Former Texas Governor, Activist Ann Richards, 73
Thursday, September 14, 2006
Former Texas governor Ann Richards, the witty and flamboyant Democrat who went from homemaker to national political celebrity, died Sept. 13 after cancer was diagnosed this year, a family spokeswoman said. She was 73.
Ms. Richards died at home in Austin surrounded by her family, the spokeswoman said. She was found to have esophageal cancer in March and underwent chemotherapy treatments.
The silver-haired, silver-tongued Ms. Richards said she entered politics to help others -- especially women and minorities, who were often ignored by the male-dominated Texas establishment.
"I did not want my tombstone to read, 'She kept a really clean house.' I think I'd like them to remember me by saying, 'She opened government to everyone,' " Ms. Richards said shortly before leaving office in January 1995.
She was governor for one term, losing her reelection bid to Republican George W. Bush.
She grabbed the national spotlight with her keynote address at the 1988 Democratic National Convention, when she was the Texas state treasurer. Ms. Richards won cheers from delegates when she reminded them that Ginger Rogers did everything Fred Astaire did, "only backwards and in high heels."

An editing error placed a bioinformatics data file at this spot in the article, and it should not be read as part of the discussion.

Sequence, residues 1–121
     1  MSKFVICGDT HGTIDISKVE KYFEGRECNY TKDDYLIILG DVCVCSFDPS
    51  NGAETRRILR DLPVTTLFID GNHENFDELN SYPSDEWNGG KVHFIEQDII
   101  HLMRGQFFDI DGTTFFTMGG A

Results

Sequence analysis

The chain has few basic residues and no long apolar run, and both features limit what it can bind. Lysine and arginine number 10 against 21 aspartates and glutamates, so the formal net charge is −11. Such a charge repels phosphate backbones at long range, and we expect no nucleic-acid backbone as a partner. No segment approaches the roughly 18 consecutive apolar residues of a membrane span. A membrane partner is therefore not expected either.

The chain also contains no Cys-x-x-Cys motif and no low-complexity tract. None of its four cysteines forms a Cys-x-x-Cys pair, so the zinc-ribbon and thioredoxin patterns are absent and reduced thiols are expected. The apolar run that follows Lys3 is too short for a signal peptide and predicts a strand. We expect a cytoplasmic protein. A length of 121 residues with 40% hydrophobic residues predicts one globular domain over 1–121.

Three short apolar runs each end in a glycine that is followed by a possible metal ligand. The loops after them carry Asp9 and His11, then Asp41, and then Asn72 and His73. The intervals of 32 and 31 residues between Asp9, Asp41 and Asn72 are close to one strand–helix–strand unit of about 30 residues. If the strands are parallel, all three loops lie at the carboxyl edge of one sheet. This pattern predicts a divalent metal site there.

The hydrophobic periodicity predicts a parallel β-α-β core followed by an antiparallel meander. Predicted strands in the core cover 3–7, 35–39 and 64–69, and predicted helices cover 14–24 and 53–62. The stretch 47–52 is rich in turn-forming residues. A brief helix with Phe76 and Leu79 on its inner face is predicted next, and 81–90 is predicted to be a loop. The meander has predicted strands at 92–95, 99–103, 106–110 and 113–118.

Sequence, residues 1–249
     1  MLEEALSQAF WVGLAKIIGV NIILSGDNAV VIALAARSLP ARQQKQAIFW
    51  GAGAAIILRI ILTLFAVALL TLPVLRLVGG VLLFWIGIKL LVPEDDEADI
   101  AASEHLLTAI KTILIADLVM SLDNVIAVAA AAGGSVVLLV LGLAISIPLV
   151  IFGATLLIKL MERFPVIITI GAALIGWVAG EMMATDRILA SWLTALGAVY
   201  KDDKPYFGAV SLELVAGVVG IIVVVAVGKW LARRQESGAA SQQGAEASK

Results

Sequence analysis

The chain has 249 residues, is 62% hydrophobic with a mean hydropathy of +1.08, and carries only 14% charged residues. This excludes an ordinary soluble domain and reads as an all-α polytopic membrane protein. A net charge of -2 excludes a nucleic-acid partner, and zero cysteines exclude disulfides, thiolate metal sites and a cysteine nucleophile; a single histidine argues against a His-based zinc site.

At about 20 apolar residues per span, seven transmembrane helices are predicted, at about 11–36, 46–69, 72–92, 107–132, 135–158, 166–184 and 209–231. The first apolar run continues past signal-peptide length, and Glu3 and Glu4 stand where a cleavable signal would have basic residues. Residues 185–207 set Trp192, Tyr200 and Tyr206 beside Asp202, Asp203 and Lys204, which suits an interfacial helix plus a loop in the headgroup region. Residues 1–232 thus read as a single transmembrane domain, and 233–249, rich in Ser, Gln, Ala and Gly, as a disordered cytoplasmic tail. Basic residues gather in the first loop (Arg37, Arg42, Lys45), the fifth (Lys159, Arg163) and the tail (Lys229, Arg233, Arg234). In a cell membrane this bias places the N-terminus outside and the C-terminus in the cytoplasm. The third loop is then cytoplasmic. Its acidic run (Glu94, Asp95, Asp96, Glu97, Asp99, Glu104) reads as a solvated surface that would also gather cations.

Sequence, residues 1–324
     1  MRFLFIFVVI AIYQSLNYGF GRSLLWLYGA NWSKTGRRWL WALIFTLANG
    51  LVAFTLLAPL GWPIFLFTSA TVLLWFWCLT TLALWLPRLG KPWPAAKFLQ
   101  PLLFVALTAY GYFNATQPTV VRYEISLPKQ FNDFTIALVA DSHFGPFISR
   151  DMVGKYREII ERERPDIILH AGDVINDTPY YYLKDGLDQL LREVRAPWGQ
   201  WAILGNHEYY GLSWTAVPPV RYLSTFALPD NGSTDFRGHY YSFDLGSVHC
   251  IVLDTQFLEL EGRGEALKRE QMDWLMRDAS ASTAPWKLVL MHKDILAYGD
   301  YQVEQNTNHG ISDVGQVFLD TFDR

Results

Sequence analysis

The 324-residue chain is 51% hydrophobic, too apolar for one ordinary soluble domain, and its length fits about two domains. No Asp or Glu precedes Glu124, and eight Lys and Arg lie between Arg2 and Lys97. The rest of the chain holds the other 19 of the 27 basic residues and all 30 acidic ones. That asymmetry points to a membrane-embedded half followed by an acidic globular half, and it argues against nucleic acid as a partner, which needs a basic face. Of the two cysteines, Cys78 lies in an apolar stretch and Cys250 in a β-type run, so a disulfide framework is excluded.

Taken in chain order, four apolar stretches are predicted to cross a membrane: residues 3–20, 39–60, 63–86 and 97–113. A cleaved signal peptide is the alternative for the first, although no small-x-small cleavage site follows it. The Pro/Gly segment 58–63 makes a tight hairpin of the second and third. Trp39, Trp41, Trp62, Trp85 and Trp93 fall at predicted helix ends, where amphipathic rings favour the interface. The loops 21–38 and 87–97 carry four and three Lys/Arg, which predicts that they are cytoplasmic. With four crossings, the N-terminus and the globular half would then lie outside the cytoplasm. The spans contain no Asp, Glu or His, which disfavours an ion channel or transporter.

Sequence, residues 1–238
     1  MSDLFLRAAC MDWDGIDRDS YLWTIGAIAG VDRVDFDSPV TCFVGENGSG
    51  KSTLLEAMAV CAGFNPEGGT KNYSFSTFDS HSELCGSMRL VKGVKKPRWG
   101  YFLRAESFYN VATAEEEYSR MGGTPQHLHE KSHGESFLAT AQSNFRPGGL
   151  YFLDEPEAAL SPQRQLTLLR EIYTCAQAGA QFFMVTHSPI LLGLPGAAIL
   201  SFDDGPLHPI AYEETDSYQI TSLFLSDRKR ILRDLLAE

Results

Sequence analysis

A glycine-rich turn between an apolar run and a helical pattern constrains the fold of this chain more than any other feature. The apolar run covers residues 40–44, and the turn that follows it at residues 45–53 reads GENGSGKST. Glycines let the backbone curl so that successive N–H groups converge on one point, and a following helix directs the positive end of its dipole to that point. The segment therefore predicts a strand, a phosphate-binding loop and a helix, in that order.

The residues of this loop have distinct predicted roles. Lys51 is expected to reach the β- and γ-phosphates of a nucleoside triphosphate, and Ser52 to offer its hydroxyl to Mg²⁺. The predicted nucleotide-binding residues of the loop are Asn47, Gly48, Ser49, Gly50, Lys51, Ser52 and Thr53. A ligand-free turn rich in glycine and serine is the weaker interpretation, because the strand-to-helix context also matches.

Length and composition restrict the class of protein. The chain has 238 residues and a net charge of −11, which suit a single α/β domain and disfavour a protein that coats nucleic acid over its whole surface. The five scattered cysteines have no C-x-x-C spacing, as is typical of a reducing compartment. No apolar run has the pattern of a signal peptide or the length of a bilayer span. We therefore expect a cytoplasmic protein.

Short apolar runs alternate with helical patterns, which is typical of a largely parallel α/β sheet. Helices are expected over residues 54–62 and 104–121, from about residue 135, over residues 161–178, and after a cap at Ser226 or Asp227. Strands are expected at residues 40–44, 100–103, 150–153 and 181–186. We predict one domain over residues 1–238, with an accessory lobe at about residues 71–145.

Ms. Richards sealed her partisan reputation with a blast at George H.W. Bush, a fellow Texan who was vice president at the time: "Poor George, he can't help it. He was born with a silver foot in his mouth."
Four years later, she was chairwoman of the Democratic convention that nominated Bill Clinton for president.
Ms. Richards rose to the governorship with a come-from-behind victory over millionaire cowboy Clayton Williams in 1990. She cracked a decades-long male grip on the governor's mansion and celebrated by holding up a T-shirt that showed the state capitol and read: "A woman's place is in the dome."
In four years as governor, Ms. Richards championed what she called the "New Texas," appointing more women and more minorities to state posts than any of her predecessors had.
She appointed the first black University of Texas regent; the first crime victim to join the state Criminal Justice Board; the first person with a disability to serve on the human services board and the first teacher to lead the State Board of Education. Under Ms. Richards, the Texas Rangers pinned stars on their first black and female officers.
She polished Texas's image, courted movie producers, championed the North American Free Trade Agreement, oversaw an expansion of the state prison system and presided over rising student achievement scores and plunging dropout rates.